Digital World: A battle already fought and won

It's been nearly five years since Microsoft released its latest default operating system, XP. What has the company wrought since then? Not much, it seems.

vistadg888.jpg (photo credit: )
(photo credit: )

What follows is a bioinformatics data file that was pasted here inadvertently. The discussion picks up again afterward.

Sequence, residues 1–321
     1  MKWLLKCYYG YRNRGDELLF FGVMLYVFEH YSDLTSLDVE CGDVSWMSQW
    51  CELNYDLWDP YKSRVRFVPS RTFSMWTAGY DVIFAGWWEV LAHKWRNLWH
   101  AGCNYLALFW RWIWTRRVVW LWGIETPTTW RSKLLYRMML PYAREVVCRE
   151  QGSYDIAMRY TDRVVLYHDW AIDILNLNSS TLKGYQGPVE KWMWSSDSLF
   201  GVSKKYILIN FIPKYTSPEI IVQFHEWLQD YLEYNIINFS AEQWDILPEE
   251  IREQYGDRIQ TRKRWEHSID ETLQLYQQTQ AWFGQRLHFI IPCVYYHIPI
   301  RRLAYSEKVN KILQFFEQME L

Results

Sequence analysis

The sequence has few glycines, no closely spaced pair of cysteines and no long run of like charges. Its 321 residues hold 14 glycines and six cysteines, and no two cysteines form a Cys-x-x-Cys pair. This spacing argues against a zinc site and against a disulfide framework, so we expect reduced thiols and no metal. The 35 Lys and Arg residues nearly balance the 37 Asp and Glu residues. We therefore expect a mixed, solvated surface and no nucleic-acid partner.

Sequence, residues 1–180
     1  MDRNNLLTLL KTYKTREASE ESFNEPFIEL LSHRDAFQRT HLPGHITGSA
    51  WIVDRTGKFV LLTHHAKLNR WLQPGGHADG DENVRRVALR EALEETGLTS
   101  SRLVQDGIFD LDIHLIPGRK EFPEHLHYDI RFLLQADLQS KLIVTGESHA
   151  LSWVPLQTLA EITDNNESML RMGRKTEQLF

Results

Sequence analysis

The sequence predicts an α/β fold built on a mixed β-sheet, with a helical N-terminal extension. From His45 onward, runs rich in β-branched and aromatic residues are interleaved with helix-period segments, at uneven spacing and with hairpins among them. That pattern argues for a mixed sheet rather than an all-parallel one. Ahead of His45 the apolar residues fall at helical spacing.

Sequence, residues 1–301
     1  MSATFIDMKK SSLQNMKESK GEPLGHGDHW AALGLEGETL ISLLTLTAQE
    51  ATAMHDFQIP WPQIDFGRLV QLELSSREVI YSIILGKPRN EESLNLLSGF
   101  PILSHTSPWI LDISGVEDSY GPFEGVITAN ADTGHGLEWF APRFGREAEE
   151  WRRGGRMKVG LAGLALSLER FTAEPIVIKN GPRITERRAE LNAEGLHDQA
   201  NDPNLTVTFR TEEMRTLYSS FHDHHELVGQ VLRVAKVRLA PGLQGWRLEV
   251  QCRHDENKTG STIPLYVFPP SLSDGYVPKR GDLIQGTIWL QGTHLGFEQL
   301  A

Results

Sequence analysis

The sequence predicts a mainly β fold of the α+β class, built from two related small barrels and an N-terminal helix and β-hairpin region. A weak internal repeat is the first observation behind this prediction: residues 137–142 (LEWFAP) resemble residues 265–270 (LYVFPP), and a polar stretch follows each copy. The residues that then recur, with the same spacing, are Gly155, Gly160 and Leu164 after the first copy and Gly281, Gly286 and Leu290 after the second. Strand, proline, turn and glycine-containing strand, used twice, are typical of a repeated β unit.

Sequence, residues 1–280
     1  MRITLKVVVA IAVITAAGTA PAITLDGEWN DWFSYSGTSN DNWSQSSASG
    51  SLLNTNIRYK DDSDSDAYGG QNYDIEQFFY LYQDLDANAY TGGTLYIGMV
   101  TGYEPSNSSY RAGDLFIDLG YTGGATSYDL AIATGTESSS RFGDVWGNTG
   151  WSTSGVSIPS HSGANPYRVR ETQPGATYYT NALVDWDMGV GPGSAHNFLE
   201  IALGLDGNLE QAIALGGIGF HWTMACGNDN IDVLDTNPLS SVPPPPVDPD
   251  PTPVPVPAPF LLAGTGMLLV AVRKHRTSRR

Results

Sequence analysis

It's been nearly five years since Microsoft released its latest default operating system, XP. What has the company wrought since then? Not much, it seems. Other than two service pack releases (including the major SP2 release in 2004) and less dramatic security improvements, XP is still the same turn of the century operating system it was five years ago. Apple, however, has been a lot more active in upgrading the Mac's operating system. The company came out with Mac OS X in 2001, but the system has received four major upgrades since. The latest version of OS X, Tiger, for example, claims 200 improvements and changes over its immediate predecessor, Panther (OS X 10.3). And more improvements are on the way. The next edition of the Mac OS, Leopard, will contain built-in support for Intel hardware - and in fact, according to, Intel will be intimately involved in development of several aspects of Leopard to give the OS maximum ability to take control of Intel's next-generation multi-core processors (called Conroe). As I mentioned, the current dual-core Intel based Mac with not so optimized OS software is already a speed demon. One could just imagine how fast a fully optimized operating system running on as many as 16 cores will run, as the site describes. Leopard will also easily support and enhance the performance of a host of soon to come Apple devices - like the iPhone, which will combine the best of third generation cell phone features with the music power of an iPod (, with the device's release dovetailing with the expected release of Leopard, at the end of 2006 or the beginning of 2007. As mentioned last week, a portion of the Leopard code - that supporting installation of Windows XP on Intel-based Macs - has already been released. Getting back to Windows, Microsoft's long-lived XP is due for a major upgrade in early 2007 as well, as the company releases Vista, the next generation of Windows. Vista gives a much-needed shakeup to what has become a staid interface, and will include Aero, a new user interface with fancy visual display tricks, such as providing see-through desktop visual elements, desktop "gadgets" that put "simple, specialized, and lightweight mini-applications that put information and tasks at your fingertips-no matter what you're doing," such as weather gadgets that you can call up with a single keystroke ( The gadgets will sit in a "sidebar," where they will await being pressed into service. The Vista Media Center "will allow you to enjoy all your favorite entertainment - including live and recorded TV, movies, music, and pictures - in one place through an easy-to-use Media Center menu system and remote control" ( And MS promises that the new OS will be efficient - so efficient, in fact, that loading Vista will be a super fast experience, with the time from when you wake up your computer to the time you're ready to work spanning no more than two or three seconds (! If you're so inclined, you can download a preview version of Vista right now, at So there you have a brief and certainly incomplete synopsis of the changes coming in OS X and Windows. Not all features have been announced, and often part of the project gets shelved or postponed as part of the initial release in order to get to market by a certain deadline (like the holiday gifting season in November and December, although it appears MS is going to miss the big buying season this year ( As far as Leopard is concerned, Apple has announced a release date of late 2006 or early 2007, but the company has in the past made a number of important product releases in time for shoppers to lay down their money during the height of the buying season. The question of which system to go with, if you were in the market for a new computer, would have been a moot one; traditional Windows users - whose documents, applications, and orientation were of the MS world - would have bought a new Windows box with the included Windows OS (one can assume that Microsoft will continue to distribute OEM versions of its operating system), while Mac users would have moved onto the next OS and possibly the next model of Mac. But the release of the Intel Macs throws that whole upgrade model into flux - suddenly, you can have it all, with Intel Macs capable of running Windows OS (one can assume Boot Camp will be upgraded to run Vista when the time comes). If a user who needed Windows could have the best of both systems, for a similar amount of money, of course, would they go with the Mac? They might, if they could be convinced that there was something they could get with the Intel Mac that they couldn't get with the Wintel PC, in terms of performance, quality or ability to perform. And while it's too soon to say with certainty at this point because not all features have been announced on both platforms, it seems as if Leopard is already a step ahead of Vista - because Vista has adopted features current in OS X 10.4, which will, upon the release of Leopard, become an "old" operating system. In fact, all of the "cutting edge" Vista features mentioned above, and a host of others, are already available in OS X 10.4 and, indeed, have been available in previous OS X versions. Screenshots of Aero look suspiciously like OS X's Aqua; gadgets look suspiciously like OS X's Widgets (and the sidebar looks a lot like the OS X widget dock); the Intel Macs already come with a remote control to turn the machine into an entertainment center; and they also start up in a remarkably short amount of time (about three seconds or so). If Vista were ready for prime time right now, this piece would be about the merits of the two on their respective features and user benefits. But I can't write about that, because in the OS wars, Apple is clearly ahead - and is likely to stay that way unless there's a bunch of stuff Microsoft hasn't revealed about Vista yet (which is certainly possible). But although Apple also has deliberately kept a lot of Leopard's features a secret as well - even though there are plenty of rumors ( - based on past patterns of OS releases (remember "200 new features in OS X 10.4"), one could assume that the new system will be significantly different - and better - than the current one. Meanwhile, with Vista, Microsoft will be fighting a battle against a ghost OS X of the past. What will this mean to the Mac's market share? Maybe nothing, but consumers are a funny lot - they want as much for their money as possible, and if they can get two great computers while paying for just one, they might go for Intel Macs with Leopard and Vista in a big way.